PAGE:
I don’t remember seeing much of my great Aunt and Uncle Ruth and Herman Shepard when I was growing up. But I do remember some of the stories my mother would tell about Herman and his barn storming days, and how Grandma Dick use to like telling Ruth all about Herman’s old girlfriends. (Dick was kind of mean that way.)
Herman and Ruth never had any children of their own, and since I know lots about where Herman came from and his growing up years, but little about Ruth, other than she didn’t want Herman flying anymore when they were married, I thought I would improve that lack. (I have to say, she must have been a saint to put up with her mother-in-law Dick.)
Ruth Mae Kring was born the 1st of March in 1908, the daughter of Lowell Athelston Kring and Tressa Belle Hults, in Ohio. She grew up with two brothers and one sister: Ralph M., Vaughn A., and Esther. The family lived in Mifflin, Franklin County, Ohio where in 1930 her father was working as a welder for the Oxiste Company, and her mother raised the kids, as was typical of the times. Ruth, by 1930, was working as a sales clerk in a local department store.
Ruth and Herman were married in 1934 in Franklin, Ohio.
Ruth’s father Lowell’s parents, Andrew Kring and Mary Alma Kramer, were of German descent.
Andrew’s parents were Conrad Kring and Catherine Siedner (nothing is known about Catherine’s family).
Conrad was an Evangelical Church minister, and apparently made up his mind, at 12 years of age, that a life of ministry was calling to him. This ministry led the family to move around from Pennsylvania to Ohio to Kansas, and finally back to Ohio where they made their final stop. Andrew grew up with 11 siblings.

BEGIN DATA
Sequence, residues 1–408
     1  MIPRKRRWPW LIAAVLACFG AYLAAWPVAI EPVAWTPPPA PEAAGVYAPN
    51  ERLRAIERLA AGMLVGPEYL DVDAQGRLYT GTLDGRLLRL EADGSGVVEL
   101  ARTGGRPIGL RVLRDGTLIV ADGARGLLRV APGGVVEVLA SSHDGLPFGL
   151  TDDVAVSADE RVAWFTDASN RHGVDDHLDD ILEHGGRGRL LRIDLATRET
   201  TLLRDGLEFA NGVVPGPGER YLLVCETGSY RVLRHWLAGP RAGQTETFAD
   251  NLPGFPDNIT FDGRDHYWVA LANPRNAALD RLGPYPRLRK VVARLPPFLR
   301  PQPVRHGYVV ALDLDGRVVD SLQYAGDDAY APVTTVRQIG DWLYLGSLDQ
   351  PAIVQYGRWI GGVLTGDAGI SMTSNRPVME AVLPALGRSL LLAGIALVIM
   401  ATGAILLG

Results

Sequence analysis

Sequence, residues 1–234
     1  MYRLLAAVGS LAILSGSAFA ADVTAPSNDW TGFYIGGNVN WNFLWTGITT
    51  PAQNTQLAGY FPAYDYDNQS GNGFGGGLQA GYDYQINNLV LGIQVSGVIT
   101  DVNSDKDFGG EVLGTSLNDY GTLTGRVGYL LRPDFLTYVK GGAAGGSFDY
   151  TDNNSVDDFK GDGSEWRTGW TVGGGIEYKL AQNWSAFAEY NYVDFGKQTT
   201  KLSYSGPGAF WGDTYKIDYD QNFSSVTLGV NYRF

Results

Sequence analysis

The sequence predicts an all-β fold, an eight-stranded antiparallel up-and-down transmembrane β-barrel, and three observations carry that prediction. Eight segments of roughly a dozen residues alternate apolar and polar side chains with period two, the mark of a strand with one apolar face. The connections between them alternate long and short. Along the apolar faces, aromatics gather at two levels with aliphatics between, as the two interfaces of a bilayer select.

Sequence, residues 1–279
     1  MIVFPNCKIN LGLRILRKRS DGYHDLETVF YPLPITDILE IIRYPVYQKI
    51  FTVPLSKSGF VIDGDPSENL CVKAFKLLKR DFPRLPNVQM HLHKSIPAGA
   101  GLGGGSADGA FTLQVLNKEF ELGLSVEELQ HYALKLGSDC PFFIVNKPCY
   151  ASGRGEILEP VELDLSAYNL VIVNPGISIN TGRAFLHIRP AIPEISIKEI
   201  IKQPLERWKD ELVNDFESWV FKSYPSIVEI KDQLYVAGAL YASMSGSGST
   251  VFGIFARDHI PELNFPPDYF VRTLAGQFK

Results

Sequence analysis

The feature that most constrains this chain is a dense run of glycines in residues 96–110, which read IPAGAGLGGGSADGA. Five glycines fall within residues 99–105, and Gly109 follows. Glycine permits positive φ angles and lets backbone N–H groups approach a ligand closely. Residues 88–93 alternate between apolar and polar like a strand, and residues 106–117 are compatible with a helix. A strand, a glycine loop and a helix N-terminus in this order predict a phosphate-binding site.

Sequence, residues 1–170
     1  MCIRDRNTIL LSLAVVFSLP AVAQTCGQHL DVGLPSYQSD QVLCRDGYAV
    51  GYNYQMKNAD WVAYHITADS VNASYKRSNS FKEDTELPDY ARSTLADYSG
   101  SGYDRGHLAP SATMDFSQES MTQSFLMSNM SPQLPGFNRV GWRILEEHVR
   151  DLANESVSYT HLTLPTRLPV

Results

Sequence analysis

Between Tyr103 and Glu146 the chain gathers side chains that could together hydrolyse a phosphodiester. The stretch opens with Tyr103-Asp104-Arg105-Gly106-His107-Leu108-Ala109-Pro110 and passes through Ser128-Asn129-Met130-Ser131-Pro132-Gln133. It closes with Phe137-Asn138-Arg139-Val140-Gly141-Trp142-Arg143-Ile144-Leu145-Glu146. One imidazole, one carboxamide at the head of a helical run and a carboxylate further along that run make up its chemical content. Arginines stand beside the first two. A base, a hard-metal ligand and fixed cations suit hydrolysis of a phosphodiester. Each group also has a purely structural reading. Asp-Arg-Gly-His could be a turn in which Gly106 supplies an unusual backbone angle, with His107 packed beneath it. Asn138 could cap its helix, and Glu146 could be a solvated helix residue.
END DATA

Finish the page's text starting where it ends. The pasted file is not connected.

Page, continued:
Conrad’s parents were George and Magdalena Fry Kring, of Bedford County, Pennsylvania.
George Kring was the FIRST generation Kring born in the United States. He made a living as a shoemaker, a farmer and a minister (George would use his barn on the Sabbath to minister to the people living close to their farm). When he was young George spent much of his time making boots, harnesses, and shoes for George Washington’s army, and helping his father work on the farm. George hated working indoors, he wanted to be outside enjoying nature’s bounty.
George had a great urge to join the fight during the revolution as a drummer, his father discouraged his dreams, no doubt preferring his son home safe with the family. So home George stayed. George’s second wife was Magdalena Fye, of whom their son Conrad was born.
Magdalena Fye was born in Saxony, Germany. Her parents (whose names we do not know) came to American when she was a young child. The political strife going on in their homeland at the time was great incentive to move somewhere else and make a better life for themselves and their children.